Devising the best strategies for E. globulus and P. radiata plantations under climate change.
Predicted changes to Australia’s climate over the next one to three decades will affect management strategies for Australia’s Eucalyptus globulus and Pinus radiata plantations. Forecast changes in the frequency and intensity of droughts, bushfires, and emergent diseases and pests will affect where plantation managers can plant with the confidence of getting a healthy tree crop and how they should look after their trees.
Researchers from CSIRO Land and Water Flagship, with support from FWPA, have spent three years modeling predictions of plantation productivity for 2030 and 2050 under a range of likely climate scenarios. They examined data from a variety of sites in five key Australian forestry regions: southern Western Australia; the Green Triangle in South Australia and Victoria; Eastern Victoria and southern New South Wales; and northern New South Wales.
As a result, the Australian plantation industry now has a greatly improved capacity to quantify and manage both the risk and impact associated with climate change and variability, from the scale of a region down to a site.
The project developed a series of regional reports to assist industry understand and mitigate potential future hazards. Five climate scenarios were used for the analyses, and the results refined to deliver management practices that may improve survival and growth no matter which climate pattern will ultimately occur. Thus identifying future opportunities for growers.
Working closely with growers the researchers were able to use historical plantation management and silviculture data. The researchers used three models to look at climate risks and impacts: CABALA—CSIRO’s plantation growth and water use model for analysis of productivity and the impacts of drought on stand mortality; e-Cambium, which uses information about site, management regime and daily weather data to predict variation in wood density and stiffness; and Climex, which predicts changes in the distribution and abundance of invasive insect pests related to climate.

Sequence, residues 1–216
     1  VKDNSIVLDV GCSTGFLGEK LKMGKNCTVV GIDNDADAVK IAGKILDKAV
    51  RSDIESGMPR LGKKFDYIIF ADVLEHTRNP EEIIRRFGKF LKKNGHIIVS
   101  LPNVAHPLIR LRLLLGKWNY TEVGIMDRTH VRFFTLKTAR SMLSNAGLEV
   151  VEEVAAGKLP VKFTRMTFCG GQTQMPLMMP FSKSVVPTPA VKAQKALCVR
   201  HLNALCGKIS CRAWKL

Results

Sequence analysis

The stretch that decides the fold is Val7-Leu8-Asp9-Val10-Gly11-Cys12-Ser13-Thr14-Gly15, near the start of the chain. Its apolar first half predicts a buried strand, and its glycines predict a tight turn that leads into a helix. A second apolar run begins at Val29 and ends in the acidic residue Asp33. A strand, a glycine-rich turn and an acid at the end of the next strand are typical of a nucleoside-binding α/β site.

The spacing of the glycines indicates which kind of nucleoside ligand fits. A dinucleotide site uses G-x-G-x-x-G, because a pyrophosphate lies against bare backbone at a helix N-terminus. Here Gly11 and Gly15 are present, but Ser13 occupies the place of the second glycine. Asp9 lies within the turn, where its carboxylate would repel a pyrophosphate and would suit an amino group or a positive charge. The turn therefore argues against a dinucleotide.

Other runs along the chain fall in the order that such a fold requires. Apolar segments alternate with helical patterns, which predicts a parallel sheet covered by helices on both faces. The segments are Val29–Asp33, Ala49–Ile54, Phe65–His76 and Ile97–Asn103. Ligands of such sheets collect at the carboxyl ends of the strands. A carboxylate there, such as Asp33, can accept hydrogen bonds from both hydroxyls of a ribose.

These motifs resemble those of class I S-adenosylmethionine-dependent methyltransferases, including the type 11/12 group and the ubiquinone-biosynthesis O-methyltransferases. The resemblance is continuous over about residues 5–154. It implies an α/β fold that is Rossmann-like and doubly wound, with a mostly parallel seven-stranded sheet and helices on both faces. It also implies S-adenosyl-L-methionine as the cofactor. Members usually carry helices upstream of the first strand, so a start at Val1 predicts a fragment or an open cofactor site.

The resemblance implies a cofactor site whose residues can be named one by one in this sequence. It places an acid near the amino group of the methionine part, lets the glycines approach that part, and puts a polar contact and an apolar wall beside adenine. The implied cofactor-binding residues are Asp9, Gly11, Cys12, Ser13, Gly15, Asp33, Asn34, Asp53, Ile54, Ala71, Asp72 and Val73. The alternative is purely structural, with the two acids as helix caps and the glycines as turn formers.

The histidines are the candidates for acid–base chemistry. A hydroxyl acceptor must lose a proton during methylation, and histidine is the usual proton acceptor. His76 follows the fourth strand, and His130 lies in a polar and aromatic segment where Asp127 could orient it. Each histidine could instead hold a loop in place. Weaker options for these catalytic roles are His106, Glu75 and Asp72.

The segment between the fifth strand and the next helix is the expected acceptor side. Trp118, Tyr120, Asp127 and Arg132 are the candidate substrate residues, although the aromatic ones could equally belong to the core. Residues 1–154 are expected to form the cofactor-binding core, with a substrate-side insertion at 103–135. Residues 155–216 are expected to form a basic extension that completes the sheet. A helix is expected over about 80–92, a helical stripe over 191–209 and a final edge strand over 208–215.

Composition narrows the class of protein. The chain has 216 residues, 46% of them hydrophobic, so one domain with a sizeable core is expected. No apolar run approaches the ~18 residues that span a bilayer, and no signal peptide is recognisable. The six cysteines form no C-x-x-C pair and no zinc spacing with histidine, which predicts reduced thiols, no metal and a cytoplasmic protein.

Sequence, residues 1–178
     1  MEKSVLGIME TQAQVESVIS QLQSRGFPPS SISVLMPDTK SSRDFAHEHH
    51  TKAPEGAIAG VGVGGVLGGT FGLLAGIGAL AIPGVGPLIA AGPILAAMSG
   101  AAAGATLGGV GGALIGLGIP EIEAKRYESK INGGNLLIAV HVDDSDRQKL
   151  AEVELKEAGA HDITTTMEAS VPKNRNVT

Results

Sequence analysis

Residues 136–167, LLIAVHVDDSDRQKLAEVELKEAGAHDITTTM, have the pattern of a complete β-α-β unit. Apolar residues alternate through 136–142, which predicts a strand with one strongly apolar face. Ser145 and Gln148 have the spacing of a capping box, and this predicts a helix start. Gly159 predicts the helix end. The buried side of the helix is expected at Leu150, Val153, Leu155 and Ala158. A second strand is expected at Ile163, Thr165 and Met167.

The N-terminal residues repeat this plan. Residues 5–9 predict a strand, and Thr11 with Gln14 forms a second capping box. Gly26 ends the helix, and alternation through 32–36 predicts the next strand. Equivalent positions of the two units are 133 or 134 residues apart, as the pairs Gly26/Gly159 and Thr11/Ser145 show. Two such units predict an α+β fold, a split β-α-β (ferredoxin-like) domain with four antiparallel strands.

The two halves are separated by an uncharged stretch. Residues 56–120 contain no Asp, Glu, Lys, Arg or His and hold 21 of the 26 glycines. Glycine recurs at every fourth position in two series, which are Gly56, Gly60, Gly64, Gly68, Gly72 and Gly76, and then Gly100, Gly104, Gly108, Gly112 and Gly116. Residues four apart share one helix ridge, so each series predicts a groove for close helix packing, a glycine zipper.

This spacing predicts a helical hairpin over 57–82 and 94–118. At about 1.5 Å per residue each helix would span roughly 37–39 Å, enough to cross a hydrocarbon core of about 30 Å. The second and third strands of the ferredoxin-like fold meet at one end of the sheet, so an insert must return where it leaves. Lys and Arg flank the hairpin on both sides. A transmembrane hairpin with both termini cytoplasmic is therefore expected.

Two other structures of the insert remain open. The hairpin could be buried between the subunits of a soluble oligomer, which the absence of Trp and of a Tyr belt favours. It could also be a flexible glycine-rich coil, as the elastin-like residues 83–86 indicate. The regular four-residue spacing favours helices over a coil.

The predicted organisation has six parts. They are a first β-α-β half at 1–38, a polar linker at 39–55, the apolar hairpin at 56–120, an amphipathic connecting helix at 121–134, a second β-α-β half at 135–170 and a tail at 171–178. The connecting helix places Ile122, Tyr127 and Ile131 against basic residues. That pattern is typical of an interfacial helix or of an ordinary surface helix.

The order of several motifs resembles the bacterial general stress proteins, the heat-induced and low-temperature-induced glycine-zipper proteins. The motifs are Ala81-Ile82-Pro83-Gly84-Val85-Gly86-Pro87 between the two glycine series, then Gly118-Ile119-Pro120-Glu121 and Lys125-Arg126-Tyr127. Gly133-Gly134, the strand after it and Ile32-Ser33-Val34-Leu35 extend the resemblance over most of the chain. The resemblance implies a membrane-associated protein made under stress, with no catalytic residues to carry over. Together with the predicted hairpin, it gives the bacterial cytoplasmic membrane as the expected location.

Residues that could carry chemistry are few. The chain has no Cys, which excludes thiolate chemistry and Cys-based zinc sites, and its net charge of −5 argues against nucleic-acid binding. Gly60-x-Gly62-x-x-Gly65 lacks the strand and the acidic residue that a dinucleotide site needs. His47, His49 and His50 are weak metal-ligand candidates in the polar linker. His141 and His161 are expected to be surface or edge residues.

The research looked at how wood properties might alter with climate change. Increased temperature, reduced water availability and elevated CO2 levels generally tend to increase wood density, although the effects of CO2 are small relative to effects of temperature and water availability. It also considered the likelihood and impacts of increased drought, pests and fire, as well as whether current growing and management practices can adapt to cope or whether new production systems (e.g. new species, new products) may be required.
The results indicate that for E. globulus, lower stocking rates in water limited environments can substantially reduce the risk of mortality without reducing productivity. Applying fertilizer may increase productivity to current levels but possibly may increase risk of tree mortality. For P. radiata, modeling suggests that increasing the initial stocking or reducing the number of thinning’s to two and delaying the first thinning will increase productivity but the effect on risk is unclear.
Importantly this tool will better enable growers, at both the regional and sites specific levels, to manage risk and identify future opportunities in both soft and hardwood plantation estates.
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